OPINION: Coronavirus is not as deadly as the media wants you to believe

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OPINION: Coronavirus is not as deadly as the media wants you to believe

The corona of a star, the name source of the coronavirus. Source Images:

The corona of a star, the name source of the coronavirus. Source Images:

The corona of a star, the name source of the coronavirus. Source Images:

The corona of a star, the name source of the coronavirus. Source Images:

Justin Farris

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Recently, the news has been abuzz about the strain of coronavirus spreading around the world. The coronavirus, while threatening, is not likely to be the disease to end humanity. For context, this virus is a new strain of the preexisting coronavirus, named as such because under a microscope it looks like the corona of the sun. Its damage has been almost entirely localized to China. As of Feb. 6th, there are over 500 confirmed deaths. However this becomes less daunting when you consider that this is out of over 20,000 infections.

This coronavirus is not as lethal as people think. Using 1100 deaths per 43,000 infections, we can calculate that only about 3% of those contracting the virus have died. The vast majority of deaths have been among the very young, very old or those with preexisting conditions affecting their immune system. So, essentially, around one in thirty-three people, very often those with preexisting weakness to diseases, will die.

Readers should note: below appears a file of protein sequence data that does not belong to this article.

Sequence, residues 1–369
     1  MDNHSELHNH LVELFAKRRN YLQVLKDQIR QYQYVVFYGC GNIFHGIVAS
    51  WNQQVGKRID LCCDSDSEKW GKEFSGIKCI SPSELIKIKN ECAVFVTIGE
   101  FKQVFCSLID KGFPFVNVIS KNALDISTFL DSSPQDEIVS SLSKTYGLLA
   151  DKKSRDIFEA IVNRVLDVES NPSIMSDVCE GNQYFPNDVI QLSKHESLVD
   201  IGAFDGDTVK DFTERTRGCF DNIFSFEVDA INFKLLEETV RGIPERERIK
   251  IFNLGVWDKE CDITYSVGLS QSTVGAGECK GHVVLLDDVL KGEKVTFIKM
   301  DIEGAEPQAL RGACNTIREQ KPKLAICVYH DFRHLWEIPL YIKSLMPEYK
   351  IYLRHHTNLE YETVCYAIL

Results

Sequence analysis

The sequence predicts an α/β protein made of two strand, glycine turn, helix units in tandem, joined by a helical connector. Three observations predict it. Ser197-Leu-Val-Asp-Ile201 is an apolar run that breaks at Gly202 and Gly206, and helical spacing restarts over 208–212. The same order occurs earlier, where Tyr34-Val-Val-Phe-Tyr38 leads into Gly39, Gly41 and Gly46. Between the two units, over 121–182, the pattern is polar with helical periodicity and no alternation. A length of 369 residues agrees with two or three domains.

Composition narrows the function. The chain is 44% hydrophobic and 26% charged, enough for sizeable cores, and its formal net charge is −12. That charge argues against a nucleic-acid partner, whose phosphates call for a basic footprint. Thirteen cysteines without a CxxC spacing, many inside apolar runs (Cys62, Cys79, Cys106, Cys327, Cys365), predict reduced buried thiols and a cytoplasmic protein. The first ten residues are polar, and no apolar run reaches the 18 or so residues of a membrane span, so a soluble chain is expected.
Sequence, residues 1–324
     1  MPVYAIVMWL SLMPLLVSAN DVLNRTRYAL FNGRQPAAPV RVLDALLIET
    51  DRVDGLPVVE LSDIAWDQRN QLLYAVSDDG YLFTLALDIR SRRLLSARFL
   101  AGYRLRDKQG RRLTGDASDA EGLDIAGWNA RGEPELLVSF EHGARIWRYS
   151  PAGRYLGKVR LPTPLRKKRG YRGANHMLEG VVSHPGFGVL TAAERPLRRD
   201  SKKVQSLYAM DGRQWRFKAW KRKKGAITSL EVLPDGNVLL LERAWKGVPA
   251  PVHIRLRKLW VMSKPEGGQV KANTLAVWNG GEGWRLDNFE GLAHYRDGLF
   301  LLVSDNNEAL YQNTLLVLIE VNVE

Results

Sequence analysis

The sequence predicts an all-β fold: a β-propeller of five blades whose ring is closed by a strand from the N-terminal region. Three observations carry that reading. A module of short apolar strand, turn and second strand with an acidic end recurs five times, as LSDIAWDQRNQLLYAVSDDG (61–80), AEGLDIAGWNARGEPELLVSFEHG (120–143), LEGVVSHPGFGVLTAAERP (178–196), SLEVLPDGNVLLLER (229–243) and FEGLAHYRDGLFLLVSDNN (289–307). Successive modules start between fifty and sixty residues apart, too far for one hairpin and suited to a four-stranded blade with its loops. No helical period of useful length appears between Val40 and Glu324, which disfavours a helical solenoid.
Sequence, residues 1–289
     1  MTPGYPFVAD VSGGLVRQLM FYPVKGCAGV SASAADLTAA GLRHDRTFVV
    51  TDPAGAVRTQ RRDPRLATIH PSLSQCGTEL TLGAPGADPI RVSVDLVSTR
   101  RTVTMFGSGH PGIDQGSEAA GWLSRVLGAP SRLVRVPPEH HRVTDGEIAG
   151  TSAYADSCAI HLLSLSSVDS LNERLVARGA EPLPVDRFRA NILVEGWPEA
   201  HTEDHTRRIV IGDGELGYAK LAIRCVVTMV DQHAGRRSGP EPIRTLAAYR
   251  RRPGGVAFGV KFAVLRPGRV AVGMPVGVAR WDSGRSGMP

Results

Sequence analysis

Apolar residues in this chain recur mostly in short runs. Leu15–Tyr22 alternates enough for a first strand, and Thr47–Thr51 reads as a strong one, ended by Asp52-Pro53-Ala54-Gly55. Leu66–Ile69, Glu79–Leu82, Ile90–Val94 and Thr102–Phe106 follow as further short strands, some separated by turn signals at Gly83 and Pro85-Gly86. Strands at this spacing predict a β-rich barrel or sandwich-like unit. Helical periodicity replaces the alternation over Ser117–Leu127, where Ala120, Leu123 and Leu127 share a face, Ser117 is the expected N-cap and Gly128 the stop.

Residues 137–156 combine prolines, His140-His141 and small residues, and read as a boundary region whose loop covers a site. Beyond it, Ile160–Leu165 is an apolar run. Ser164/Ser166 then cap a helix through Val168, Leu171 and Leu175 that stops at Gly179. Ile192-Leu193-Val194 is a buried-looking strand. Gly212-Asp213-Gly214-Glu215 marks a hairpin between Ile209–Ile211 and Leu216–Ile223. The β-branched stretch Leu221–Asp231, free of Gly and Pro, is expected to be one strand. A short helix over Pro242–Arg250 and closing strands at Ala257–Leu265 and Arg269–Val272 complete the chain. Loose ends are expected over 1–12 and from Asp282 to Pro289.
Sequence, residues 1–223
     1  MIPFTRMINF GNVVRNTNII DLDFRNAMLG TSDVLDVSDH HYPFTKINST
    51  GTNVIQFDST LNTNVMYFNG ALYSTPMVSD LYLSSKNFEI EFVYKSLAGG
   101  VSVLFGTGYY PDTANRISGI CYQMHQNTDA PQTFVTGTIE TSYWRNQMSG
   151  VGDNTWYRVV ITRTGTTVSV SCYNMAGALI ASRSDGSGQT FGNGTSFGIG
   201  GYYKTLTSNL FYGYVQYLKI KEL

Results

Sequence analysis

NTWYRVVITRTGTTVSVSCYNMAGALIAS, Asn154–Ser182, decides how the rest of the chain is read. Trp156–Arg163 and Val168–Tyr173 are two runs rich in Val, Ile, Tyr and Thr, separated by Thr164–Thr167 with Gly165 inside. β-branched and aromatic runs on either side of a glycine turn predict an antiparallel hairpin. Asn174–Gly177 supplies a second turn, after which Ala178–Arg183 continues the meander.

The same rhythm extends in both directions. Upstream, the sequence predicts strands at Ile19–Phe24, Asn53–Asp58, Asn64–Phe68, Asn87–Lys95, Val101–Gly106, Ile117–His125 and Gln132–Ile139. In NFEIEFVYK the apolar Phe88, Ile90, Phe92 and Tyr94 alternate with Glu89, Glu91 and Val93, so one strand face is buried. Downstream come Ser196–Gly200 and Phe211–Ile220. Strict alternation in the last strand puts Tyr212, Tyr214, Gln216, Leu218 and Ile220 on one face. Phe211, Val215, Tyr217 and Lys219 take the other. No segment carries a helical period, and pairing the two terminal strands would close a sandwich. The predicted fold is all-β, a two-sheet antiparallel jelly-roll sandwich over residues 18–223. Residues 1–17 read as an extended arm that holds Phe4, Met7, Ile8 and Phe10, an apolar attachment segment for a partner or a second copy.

Why is the coronavirus second only to the impeachment in the media when the U.S. has 11 confirmed cases in a country of 327 million? For one, the media makes money off of drama. Presenting the coronavirus as more dangerous makes more people tune in which increases media companies’ profits. It’s financially sound for them to make a giant deal about it whether it’s a threat or not.

Secondly, this virus is a prime opportunity to present China’s government in a negative light. China and the U.S. are both political and economic rivals. The media is using this chance to criticize the Chinese government. To be clear, China is an authoritarian state, but can we truly say that the U.S. would handle this outbreak better? Stores sell out of food and water anytime there’s a hurricane in the U.S., so imagine the panic that an ongoing disease would cause. Stores would sell out in days and restocking would be slow and insufficient. China’s methods are extreme and restrictive, but they are directly trying to save their people’s lives in the best way they can while preventing further spread of the virus.

The coronavirus is dangerous. It could well become a health crisis, but it is not the harbinger of death it might initially seem, and the reason the media is covering it so extensively is for profit purposes. We should keep an eye on it, but for now, we should be content with virus screening and international aid. Just make sure to keep yourself as healthy and clean as possible, and we can all carry on. 

Featured Image Citation: “Corona details ESA423296.jpg” by  ESA/CESAR. is licensed under Creative Commons Attribution ShareAlike 3.0 IGO Generic. No changes were made to the image. Use of this photo does not indicate photographer endorsement of this article.